Welcome to our Asia Regulatory Roundup, our weekly overview of the top regulatory news in Asia.
New Zealand Seeks Feedback on Replacement for ‘Inflexible’ Therapeutic Legislation
The New Zealand government is planning to replace decades-old legislation that it thinks is “dated, inflexible and prescriptive.” In replacing the legislation, New Zealand is seeking to expand the range of products it covers, harmonize with global standards and facilitate easy updates in the future.
New Zealand officials identified significant shortcomings with the Medicines Act 1981 within 10 years of its creation, but early efforts to reform the legislation centered on the proposed creation of a joint regulatory agency with Australia. When New Zealand stopped working toward the creation of a joint regulatory agency in 2014, it began looking into the drafting of a new Therapeutic Products Bill.
A draft version of that bill is now open for consultation. The legislation is designed to ensure that the requirements in New Zealand are consistent with international approaches and that the country can “recognise work done by trusted overseas regulators.”
The government also wants to create legislation that is easier to maintain and update. That desire is underpinned by the government’s experience with the Medicines Act 1981. In contrast with most modern legislation, the 1981 text covers regulatory requirements in considerable detail, rather than relying on more focused subordinate regulations, rules and notices to convey the specifics. The government thinks this has made it hard to update the text, resulting in it becoming outdated.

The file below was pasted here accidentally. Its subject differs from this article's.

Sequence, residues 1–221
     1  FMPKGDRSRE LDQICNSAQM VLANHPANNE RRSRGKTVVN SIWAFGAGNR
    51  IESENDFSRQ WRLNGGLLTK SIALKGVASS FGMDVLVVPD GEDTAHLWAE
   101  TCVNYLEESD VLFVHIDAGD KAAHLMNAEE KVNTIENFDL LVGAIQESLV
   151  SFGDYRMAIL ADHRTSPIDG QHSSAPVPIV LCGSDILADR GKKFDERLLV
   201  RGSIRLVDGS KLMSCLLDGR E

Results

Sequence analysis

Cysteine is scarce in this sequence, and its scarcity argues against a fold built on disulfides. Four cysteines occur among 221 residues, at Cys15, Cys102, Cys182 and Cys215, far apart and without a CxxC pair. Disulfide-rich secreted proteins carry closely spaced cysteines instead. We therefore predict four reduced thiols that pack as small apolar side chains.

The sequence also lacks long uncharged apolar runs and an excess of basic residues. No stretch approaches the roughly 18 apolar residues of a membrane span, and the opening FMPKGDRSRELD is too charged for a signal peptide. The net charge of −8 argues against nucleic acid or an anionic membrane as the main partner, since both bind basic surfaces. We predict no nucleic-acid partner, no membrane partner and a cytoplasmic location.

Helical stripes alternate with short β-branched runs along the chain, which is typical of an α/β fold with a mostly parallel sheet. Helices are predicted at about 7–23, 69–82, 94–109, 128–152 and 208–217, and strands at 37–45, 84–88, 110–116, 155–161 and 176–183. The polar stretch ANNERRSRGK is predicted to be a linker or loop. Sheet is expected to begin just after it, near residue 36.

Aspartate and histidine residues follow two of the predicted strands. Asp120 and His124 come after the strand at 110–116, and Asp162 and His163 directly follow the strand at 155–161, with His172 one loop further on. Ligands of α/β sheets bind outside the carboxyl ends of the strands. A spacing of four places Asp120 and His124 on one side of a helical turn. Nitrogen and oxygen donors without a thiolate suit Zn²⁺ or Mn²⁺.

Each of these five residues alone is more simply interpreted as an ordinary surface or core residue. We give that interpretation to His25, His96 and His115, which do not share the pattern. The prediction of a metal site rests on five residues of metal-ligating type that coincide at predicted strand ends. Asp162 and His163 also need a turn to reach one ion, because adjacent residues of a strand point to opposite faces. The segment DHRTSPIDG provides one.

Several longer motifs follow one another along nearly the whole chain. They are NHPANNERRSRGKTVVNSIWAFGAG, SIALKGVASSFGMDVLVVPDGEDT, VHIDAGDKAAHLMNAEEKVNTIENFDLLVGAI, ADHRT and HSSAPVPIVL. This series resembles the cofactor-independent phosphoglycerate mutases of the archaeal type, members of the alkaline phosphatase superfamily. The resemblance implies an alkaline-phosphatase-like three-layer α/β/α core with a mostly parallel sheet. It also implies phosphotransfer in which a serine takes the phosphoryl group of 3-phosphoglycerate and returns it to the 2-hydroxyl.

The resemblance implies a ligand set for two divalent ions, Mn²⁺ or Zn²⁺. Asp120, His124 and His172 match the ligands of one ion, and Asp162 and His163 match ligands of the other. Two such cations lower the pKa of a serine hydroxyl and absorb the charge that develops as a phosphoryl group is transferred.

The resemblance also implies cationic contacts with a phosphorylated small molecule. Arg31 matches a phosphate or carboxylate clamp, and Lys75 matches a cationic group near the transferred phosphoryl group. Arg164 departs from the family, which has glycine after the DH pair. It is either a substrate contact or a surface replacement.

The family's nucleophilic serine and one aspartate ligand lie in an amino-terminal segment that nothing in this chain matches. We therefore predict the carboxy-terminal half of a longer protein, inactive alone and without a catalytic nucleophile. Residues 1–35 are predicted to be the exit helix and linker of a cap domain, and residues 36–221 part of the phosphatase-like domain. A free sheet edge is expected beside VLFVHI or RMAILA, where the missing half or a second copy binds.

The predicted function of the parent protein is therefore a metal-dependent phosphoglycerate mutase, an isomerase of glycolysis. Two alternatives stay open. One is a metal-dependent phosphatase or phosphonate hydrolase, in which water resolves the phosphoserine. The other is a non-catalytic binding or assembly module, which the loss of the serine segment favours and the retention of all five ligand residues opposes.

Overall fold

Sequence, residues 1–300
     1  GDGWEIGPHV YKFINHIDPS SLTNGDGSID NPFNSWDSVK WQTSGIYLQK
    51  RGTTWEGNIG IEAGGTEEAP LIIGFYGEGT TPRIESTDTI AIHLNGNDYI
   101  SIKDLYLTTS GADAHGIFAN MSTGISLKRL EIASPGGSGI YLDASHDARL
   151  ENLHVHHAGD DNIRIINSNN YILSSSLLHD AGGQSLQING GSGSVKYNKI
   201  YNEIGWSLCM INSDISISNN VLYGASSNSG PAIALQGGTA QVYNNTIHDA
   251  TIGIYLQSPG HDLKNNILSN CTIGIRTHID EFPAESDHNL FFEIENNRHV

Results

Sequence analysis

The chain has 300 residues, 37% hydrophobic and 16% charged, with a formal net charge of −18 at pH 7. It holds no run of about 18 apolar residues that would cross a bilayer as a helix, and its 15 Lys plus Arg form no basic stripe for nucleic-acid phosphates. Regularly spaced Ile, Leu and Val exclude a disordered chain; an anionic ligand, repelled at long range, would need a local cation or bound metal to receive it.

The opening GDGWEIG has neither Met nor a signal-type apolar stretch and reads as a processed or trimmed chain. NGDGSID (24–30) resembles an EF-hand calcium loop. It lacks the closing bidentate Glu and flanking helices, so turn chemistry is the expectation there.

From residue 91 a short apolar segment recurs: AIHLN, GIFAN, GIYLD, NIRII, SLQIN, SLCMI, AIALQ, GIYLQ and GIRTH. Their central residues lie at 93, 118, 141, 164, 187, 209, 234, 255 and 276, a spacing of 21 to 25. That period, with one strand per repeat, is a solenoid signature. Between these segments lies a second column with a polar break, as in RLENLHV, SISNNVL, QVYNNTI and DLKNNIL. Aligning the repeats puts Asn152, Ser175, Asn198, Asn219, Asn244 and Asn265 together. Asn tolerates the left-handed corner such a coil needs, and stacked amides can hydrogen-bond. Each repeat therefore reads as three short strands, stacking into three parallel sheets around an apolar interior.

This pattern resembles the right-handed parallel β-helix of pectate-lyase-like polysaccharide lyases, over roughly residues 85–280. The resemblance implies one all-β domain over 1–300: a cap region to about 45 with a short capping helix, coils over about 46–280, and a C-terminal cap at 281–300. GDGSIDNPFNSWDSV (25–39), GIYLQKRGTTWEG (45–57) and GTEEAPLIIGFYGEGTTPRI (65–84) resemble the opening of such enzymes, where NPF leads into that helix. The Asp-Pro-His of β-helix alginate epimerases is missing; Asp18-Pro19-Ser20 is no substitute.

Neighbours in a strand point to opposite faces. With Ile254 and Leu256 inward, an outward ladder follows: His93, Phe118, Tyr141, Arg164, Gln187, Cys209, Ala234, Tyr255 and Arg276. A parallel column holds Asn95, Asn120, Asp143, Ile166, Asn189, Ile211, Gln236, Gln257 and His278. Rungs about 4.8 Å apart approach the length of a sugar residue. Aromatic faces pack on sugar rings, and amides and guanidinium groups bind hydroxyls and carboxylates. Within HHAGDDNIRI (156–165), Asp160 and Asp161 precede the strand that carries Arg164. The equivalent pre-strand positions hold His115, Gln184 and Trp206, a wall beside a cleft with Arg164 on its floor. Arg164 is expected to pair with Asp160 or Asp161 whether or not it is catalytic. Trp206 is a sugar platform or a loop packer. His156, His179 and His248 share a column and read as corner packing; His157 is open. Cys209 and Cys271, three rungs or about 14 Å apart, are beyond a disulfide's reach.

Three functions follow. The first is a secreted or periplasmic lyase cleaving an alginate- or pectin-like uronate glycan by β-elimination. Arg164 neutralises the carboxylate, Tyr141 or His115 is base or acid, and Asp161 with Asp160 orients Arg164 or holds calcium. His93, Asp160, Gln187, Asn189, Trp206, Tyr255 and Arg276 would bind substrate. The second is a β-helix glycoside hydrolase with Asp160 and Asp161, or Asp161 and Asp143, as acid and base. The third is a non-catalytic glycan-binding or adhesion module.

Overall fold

In the pursuit of a more flexible system, the government has restricted the revised legislation to the conveyance of principles to guide the New Zealand Medicines and Medical Devices Safety Authority as it the creates regulations, rules and notices that will cover the details.
New Zealand is accepting feedback on the draft until 18 April.
, Draft Legislation
TGA Floats Changes to Oral Drug Rules to Cut Regulatory Burden, Increase Harmonization
Australia’s Therapeutic Goods Administration (TGA) is planning to change its quality standards for oral tablets and capsules. The revisions are intended to decrease regulatory burdens and increase harmonization, for example by allowing manufacturers to comply with either Australian standards or one of the British, European and United States pharmacopoeias.
When the document, TGO 78, came into force in 2008, it set minimum quality standards for oral tablets and capsules sold in Australia. TGA recently began consulting with industry on whether TGO 78 is effectively and efficiently achieving that goal ahead of the legally mandatory sunsetting of the document in April. Under the terms of Australian law, TGA needs to ascertain whether the document needs to be dropped or rewritten.
TGA left the talks with industry with a list of ways in which the document can be improved, leading it to set out to remake the document. To work toward that goal, TGA has released a consultation paper that details the changes it plans to make to TGO 78 and outlines its reasons for the revisions. Many of the changes can be broadly categorized as attempts to reduce the burdens on manufacturers.
That objective underpins TGA’s rationale for broadening the range of standards manufacturers can follow. Currently, TGO 78 advises manufacturers to meet the requirements of a relevant individual monograph in the British Pharmacopoeia (BP) whenever possible. In the absence of a BP monograph, requirements specific to Australia apply.
This approach can pose problems for companies that manufacture and supply drugs internationally and therefore follow either the European or US Pharmacopoeias (EP or USP). To reduce the burden on such companies, TGA is planning to allow manufacturers to choose whether to comply with BP, EP, USP or Australian standards.